Today’s announcement from the Federal Chamber of Automotive Industries (FCAI) of a new industry-led reporting system, the FCAI CO2 Emissions Standard is a positive step for Australia’s environmental future. While still voluntary in nature, the new Standard acts as a long-term objective for industry and manufacturer CO2 emissions targets for the year 2030.
With support from 40 major automotive brands, the new Standard is also a natural win for those in the fleet management world. Competition from manufacturers for lower emission vehicles will help provide buyers with more variety, cleaner vehicles and in the long term significant price reductions for the EV market.
By 2023, Australian EV sales are forecast to rise to just over 30,000 a year, making up 3.2 per cent of total new car sales, according to clean energy research group BloombergNEF (BNEF). BNEF also found that by 2022 some EV models will reach cost-parity with traditional combustion engines, but that goal could be achieved even faster with announcements like these.
Set across a ten-year period, the new FCAI Standard is designed to allow different manufacturers the chance to shape their own journey and timeline towards an ultimate shared goal. It also ties into Australia’s commitment to the Paris Agreement – an overall reduction of 26-28 per cent of emissions from 2005 levels by the year 2030.
Tony Weber, chief executive of the FCAI, said the initiative aims to provide certainty to manufacturers to enable them to confidently plan future products for the Australian market.
“The intent behind this new Standard is to ensure automotive manufacturers can continue to do what they do best – and that is to bring the latest, safest, and most fuel-efficient vehicles to the Australian market,” he said.
“The FCAI strongly supports a comprehensive approach to addressing motor vehicle emissions that includes fuel quality standards, the introduction of Euro 6 and the introduction of a challenging but realistic, achievable and market relevant CO2 standard.”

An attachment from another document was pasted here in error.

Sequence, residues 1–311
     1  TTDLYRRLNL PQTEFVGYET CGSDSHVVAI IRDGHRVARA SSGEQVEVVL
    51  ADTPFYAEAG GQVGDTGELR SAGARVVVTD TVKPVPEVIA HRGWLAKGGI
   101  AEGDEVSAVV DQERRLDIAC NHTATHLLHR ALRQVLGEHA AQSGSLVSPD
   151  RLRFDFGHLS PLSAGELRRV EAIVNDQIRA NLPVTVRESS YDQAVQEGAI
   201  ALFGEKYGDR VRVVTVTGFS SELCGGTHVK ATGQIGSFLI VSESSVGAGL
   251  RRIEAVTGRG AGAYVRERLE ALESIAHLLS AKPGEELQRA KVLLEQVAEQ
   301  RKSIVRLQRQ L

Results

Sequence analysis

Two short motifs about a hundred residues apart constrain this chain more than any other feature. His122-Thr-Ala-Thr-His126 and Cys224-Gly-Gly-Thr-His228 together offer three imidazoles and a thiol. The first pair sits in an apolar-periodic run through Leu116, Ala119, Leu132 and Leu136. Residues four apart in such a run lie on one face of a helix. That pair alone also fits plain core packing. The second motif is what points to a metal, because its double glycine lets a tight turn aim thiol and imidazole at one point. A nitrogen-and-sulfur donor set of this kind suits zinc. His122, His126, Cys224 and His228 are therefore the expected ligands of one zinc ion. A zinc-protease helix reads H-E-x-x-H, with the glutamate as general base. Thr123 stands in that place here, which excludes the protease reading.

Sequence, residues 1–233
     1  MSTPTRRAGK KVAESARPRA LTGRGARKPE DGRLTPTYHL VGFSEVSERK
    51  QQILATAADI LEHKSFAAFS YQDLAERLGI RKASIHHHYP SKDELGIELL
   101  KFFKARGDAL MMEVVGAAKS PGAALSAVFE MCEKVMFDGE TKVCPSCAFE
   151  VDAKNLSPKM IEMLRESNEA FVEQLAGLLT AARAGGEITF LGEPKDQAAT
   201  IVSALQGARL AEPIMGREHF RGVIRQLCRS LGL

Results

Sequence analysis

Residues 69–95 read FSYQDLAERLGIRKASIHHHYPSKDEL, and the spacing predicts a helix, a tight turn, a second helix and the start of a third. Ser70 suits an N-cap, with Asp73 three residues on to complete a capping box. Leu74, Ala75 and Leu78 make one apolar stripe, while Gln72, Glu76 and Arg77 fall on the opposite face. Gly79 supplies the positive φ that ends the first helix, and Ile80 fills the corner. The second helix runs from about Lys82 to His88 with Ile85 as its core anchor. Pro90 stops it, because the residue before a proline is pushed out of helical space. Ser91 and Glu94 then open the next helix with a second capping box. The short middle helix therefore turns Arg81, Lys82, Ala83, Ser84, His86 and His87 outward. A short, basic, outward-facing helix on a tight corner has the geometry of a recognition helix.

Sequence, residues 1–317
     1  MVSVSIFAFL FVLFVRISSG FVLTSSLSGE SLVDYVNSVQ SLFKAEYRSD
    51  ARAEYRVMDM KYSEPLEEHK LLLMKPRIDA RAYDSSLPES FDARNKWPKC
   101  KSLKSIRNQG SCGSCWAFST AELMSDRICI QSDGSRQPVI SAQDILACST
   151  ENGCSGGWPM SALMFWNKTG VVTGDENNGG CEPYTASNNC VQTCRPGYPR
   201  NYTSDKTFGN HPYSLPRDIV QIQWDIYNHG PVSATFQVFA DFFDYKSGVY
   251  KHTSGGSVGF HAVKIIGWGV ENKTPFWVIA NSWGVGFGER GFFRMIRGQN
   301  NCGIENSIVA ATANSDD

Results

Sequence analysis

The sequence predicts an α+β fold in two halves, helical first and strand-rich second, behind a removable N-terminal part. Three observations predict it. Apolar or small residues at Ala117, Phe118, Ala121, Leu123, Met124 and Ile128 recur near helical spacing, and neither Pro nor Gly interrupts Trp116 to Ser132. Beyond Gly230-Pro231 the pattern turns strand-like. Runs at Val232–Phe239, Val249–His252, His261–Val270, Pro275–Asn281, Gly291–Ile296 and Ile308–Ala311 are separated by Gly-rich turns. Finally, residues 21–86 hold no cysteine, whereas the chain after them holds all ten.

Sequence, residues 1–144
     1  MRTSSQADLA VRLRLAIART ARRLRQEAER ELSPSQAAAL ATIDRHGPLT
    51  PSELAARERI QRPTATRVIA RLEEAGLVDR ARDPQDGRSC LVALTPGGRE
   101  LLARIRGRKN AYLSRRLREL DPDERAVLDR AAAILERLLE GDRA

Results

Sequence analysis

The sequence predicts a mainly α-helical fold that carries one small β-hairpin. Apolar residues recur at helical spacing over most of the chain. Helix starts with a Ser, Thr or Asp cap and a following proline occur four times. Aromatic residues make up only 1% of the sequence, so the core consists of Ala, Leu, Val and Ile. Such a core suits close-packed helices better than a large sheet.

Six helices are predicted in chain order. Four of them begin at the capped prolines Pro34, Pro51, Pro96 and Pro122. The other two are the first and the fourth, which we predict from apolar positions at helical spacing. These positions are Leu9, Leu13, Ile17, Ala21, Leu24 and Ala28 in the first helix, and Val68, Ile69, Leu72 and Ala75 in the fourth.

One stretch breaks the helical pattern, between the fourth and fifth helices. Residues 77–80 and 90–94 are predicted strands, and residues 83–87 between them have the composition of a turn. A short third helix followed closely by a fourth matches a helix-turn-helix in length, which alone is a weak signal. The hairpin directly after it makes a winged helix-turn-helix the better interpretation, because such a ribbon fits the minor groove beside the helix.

The FCAI Standard aligns with manufacturers’ traditional position of bringing the best possible products, with the latest safety and drive-train technologies, to the Australian market.
“In this context, the FCAI Standard has been based on internationally mandated practices, including those from Europe and the USA, while still recognising the unique characteristics of the Australian market,” Mr Weber said.
How the Standard works:
The Standard will calculate industry and brand CO2 targets on a sales-weighted average mass per unit basis against sales recorded in VFACTS, the industry data source. The results will be divided into separate reporting categories – MA (Passenger Cars and Light SUVs) and MC + NA (Heavy SUVs and Light Commercial Vehicles) in line with international practice.
Reporting will be in line with the manufacturers’ CO2 emissions performance reporting undertaken by the European Environment Agency and will allow the inclusion of Carry Forward Credits and/or Debits which are a feature of the USA regulation.
Over the past 15 years, Australia’s automotive industry has achieved strong reductions in vehicle emissions through the research and development investments of parent companies in the United States, Europe and Asia.
As at December 2019, FCAI members had already achieved a 24.9 per cent reduction in emissions from 2005 levels.
The targeted reduction between 2020 and 2030 is:
- MA (Passenger Cars and Light SUVs) – an average of 4.0 per cent reduction per annum
- MC + NA (Heavy SUVs and Light Commercial Vehicles)– an average of 3.0 per cent reduction per annum.
It is estimated that MA vehicles will, on average, have CO2 emissions under 100 grams per kilometre and MC + NA vehicles under 145 grams per kilometre by 2030.
The FCAI Standard will first be reported in early 2021.